Friday, February 8, 2013

Chinese New Year Dumplings: A Culinary Celebration






Many countries have traditional festivals and China, with its long history, is no exception. With Chinese New Year just around the corner, what better way to usher in Year of the Snake than by sampling the culinary delights of this east Asian nation. Given the importance of food in Chinese culture, it's not surprising that dishes imbued with special symbolism play such a major role in New Year celebrations, with 'lucky' foods such as noodles, which represent a long life; spring rolls symbolize wealth because their shape is similar to gold bars; Peking duck symbolizes fidelity; fish symbolizes wish and abundance; and dumplings signify family reunion. Fun to eat, surprisingly uncomplicated to prepare and mouth-wateringly delicious, what better place to ring in Chinese New Year than celebrating with dim sum and dumplings at Pearl Harbourfront.




Pearl Harbourfront is tucked away on the second floor of Queens Quay Terminal



Tucked away on the second floor of Queens Quay Terminal, the light filled 6,000-square foot interior of blonde woods, cream-hued walls and floor-to-ceiling windows provide a simple yet sophisticated backdrop for enjoying steaming baskets of Har Kau, Siu Mai and delectable dumplings, or jiaozi. People in northern China typically eat jiaozi on New Year's Eve, because the word means 'bidding farewell to the old and ushering in the new' in Chinese. Dumplings are generally made before midnight and eaten during the last hour of the old year and the first hour of the Lunar New Year, for is there anything more satisfying than a well-made Asian dumpling?




Pearl Harbourfront menu with selection of dim sum

The essential cup of hot green tea

And for others, the essential Tsingtao beer



Pearl Harbourfront offers many kinds of Jiaozi, which can be divided into various types depending on how they're cooked: Boiled dumplings, Shuijiao, literally means 'water dumpling'; steamed dumplings, Zhengjiao; and pan fried dumplings, Guotie, which are more familiarly known as potstickers in North America, or Gyōza in Japan. Traditional fillings include pork, beef, chicken, fish and shrimp, which are usually mixed with chopped vegetables such as cabbage, spring onions, leek and garlic chives, and at Pearl are often served with soy sauce-based dipping sauces and little dishes of hot mustard and chile sauce.



Pan fried dumpling with shrimp and onion a.k.a. 'the hockey puck'

Pearl's delicious steamed scallop dumpling

Siu Mai - steamed pork dumpling

Har Kau - steamed shrimp dumpling

Fried Crispy Shrimp Rolls

Steamed Spinach Dumplings

Fried Shrimp Toasts

Shrimp Cheung Foon

Pan Fried Chicken Dumpling

Sticky Rice in Lotus Leaf

Crispy Spring Rolls

Steamed Peanut Dumplings



With Chinese New Year celebrations starting this Sunday, what better way to usher in the Year of the Snake than by trying this recipe for Shrimp, Pork and Mushroom Shuijiao. Put a coin inside one of the dumplings and the person who gets the coin will be the luckiest one in the coming year!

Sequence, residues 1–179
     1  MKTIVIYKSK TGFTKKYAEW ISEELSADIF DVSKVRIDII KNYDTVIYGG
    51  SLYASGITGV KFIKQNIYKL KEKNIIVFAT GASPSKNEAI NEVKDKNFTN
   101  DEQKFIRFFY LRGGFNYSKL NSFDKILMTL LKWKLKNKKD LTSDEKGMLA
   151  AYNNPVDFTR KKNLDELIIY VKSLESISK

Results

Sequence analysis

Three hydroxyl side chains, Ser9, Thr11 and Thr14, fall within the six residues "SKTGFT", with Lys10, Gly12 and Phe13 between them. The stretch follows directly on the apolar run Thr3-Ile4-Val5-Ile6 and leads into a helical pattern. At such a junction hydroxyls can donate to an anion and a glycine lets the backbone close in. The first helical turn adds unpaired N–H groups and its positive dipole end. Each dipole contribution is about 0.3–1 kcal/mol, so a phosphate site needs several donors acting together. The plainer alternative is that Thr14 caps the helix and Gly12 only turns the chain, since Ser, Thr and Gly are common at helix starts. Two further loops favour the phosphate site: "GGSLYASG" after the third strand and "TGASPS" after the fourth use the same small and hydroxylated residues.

Shrimp, Pork and Mushroom Shuijiao
Serves 4-6
Recipe and photo courtesy RasaMalaysia

Dumpling Filling:
1 small wood ear mushroom
6 oz ground pork
4 oz shelled and deveined raw shrimp, cut into small pieces
2 canned water chestnuts, minced
1 tbsp finely chopped green onion, plus more for garnish
20 round wonton wrappers

Seasoning:
1 1/2 tsp vegetable oil
1 tsp Chinese Shaoxing rice wine 
1/2 tsp sesame oil
3/4 tsp chicken bouillon powder
1/2 tsp fish sauce
1/2 tsp salt
1/8 tsp white pepper

Soup:
1 cup chicken broth
1 cup water
1/8 tsp white pepper
Salt, to taste


Soak the wood ear mushroom in a bowl of warm water for about 15 minutes, then cut into thin strips.

Make the filling by combining the wood ear mushroom, ground pork, shrimp, water chestnuts, green onion, ginger, and all the seasoning ingredients together in a large bowl. Cover and refrigerate for about 30 minutes. This will firm up the filling and make it easier to make the dumplings. 

To assemble the dumplings, place a wrapper on the palm of your hand and spoon about 1 tablespoon filling into the middle, being careful not to overfill. Dip your index finger into a small bowl of water and dab around the outer edges of the dumpling wrapper. Fold the dumpling over into a little half-moon shape and finish by pressing the edges together with your thumb and index finger to ensure that the dumpling is sealed tightly and there's no leakage. There should be no air bubbles as they'll cause the dumpling to rupture when you boil them. Repeat for all of the remaining wrappers and filling, placing them on a floured surface or baking sheet as they're completed and covered with a damp cloth to prevent them from becoming dry and brittle.

Bring a pot of water to boil, then gently transfer the dumplings into the boiling water in batches, and cook until they float to the surface, about 2-3 minutes. Remove them with a slotted spoon, drain the excess water, and cover them to prevent them from becoming dry.

Bring the chicken broth and water to boil in a large pot. Add the white pepper and salt to taste. To serve, transfer 3 to 4 dumplings into a decorative bowl, top with some warm broth and garnish with chopped green onion. Serve immediately.